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|Articles - June 2012|
|Tuesday, May 29, 2012|
BY JON BELL
Petersen’s Rock Garden in Redmond is an eclectic, four-acre collection of regional rocks and miniature monuments. Amassed by Rasmus Petersen throughout the 1930s and 1940s, it is considered one of the city’s most unique attractions. It is also one of the Historic Preservation League of Oregon’s most endangered places.
So when a contractor accidentally damaged one of the garden’s unique stone bridges earlier this year, it might have seemed like yet another blow against the garden, which has long been plagued by vandalism and theft.
But thanks to an innovative effort to document the garden with laser scanning and other technologies, the stone bridge can be rebuilt to its exact original specifications — and preserved for the roadside tourists of tomorrow.
“It’s a full archiving of a site,” says Paul Tice, a visualization specialist with i-Ten, a Portland company specializing in laser scanning and other geospatial data. “The goal is to try to capture everything known about a site.”
The movement is bigger than Tice or i-Ten, however. It’s actually an effort to establish an Oregon incarnation of CyArk, an international nonprofit that digitally preserves cultural heritage sites around the world.
Using laser scanning, digital modeling and other technologies, CyArk collects and archives data and then makes it available to the public. Heritage sites documented so far include the monoliths on Rapa Nui, Mount Rushmore and the Hindu temple Angkor Wat. The information can be used for education, re-creation or efforts to bolster tourism. According to Tice, visits to Mount Rushmore tripled after it was documented on CyArk.
The idea to create a state-level version of CyArk, which will be called CyArk Oregon, came after Tice heard a talk by Tom Greaves, executive director of CyArk. It was Greaves who ultimately decided to bring CyArk to Oregon. Peggy Moretti, executive director of the preservation league, has also been involved in what Tice says is a large collaboration.
Those guiding the effort in Oregon hope to have a board of directors established this summer. The company Tice works for, i-Ten, donated the time and equipment to document Petersen’s Rock Garden. Future projects could be funded by grants, donations or tourism revenue.
Initially, CyArk Oregon will focus on about 100 sites in Oregon, including the Egyptian Theater in Coos Bay and the Tillamook Bay Lifesaving Station. Data and information about each site would be hosted on CyArk servers and could be used in mobile apps or other interactive formats.
“Documenting sites like this will really be a way for people to explore them forever,” Tice says.
Friday, May 22, 2015
BY JACOB PALMER
A Power Lunch at Oswego Grill.
Wednesday, May 27, 2015
PHOTOS BY JASON E. KAPLAN
Oregon Business celebrated the 100 Best Green Workplaces with an awards luncheon yesterday at the Nines Hotel in downtown Portland.
Monday, April 27, 2015
BY JACOB PALMER AND EILEEN GARVIN
A power lunch at Solstice Wood Fire Cafe & Bar.
Monday, April 27, 2015
BY LINDA BAKER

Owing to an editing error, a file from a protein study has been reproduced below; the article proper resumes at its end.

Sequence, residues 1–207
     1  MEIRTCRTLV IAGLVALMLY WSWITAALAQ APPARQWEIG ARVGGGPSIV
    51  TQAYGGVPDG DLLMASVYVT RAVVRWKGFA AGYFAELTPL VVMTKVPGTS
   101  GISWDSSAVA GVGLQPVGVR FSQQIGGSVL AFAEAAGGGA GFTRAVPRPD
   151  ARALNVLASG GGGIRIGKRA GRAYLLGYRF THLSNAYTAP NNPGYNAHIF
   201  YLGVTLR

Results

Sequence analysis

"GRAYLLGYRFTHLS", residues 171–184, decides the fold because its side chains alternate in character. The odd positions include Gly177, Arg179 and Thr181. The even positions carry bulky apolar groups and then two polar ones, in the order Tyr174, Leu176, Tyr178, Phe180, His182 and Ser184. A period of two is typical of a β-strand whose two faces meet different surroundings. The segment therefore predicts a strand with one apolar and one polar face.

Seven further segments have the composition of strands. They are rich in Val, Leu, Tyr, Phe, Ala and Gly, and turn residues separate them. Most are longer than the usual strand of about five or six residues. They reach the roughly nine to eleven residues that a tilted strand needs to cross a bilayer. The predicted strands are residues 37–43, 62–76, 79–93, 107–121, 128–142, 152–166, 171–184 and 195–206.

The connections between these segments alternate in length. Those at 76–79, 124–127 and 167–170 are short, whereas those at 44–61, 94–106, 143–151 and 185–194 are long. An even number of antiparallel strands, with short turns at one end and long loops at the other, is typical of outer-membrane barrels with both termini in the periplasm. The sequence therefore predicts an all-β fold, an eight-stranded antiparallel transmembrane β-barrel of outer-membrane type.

Oregon already ranks as the nation’s second largest generator of hydroelectric power. (Washington is No. 1). Now an elegant new installation in Portland is putting an unconventional, sharing economy twist on this age-old water-energy pairing. The new system, launched this winter, uses the flow of water inside city water pipes to spin four turbines that produce electricity for Portland General Electric customers.
Wednesday, May 27, 2015
BY LINDA BAKER | EDITOR
More than 250 people turned out today for Oregon Business magazine’s seventh annual celebration of the 100 Best Green Companies to Work For in Oregon.
Friday, May 08, 2015
BY CHRIS NOBLE | PHOTOS BY JASON E. KAPLAN
Hagfish may not have evolved much over the last 300 million years, but their protein-heavy slime promises advances in super-materials.
Tuesday, March 31, 2015
BY JACOB PALMER | DIGITAL NEWS EDITOR
inDinero, a business that manages back-office accounting for startups and smaller companies, recently announced it would relocate its headquarters from San Francisco to Portland. We talked to CEO Jessica Mah about what drew her to Portland and how she plans to disrupt the traditional CPA model.
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Tonkon Torp helps seed sustainability at Gunderson.
Oregon-based Environments helps companies create inspired workspaces. “Simply put, we help companies future-proof their workspaces,” says Chris Corrado, president. Since 1988,Environments has witnessed firsthand the changing landscape of business. Native Portlander and Environments founder Corrado says, “We help our clients navigate the complex realities of the workplace today and plan for their future in a very mindful, strategic way. We think of ourselves as their partners in the process.”
One hundred years ago, the Willamette River might easily have been mistaken for a sewer. Unchecked industrial activity and decades of pollution made it unrecognizable compared to the clean river that now flows north for 187 miles from Eugene through the center of Portland.
The Oregon Entrepreneurs Network (OEN) will be presenting its third annual Entrepreneurial Summit on Friday, June 5 at Castaway in Portland, Oregon.
On June 13th Mayor Charlie Hales will attend nonprofit organization Dream Change’s inaugural Love Summit and will introduce one of its keynote speakers, Dan Wieden of Wieden+Kennedy advertising agency.
34 spots for food, 17 places to sip, and 7 sites to choose a brew beckon visitors.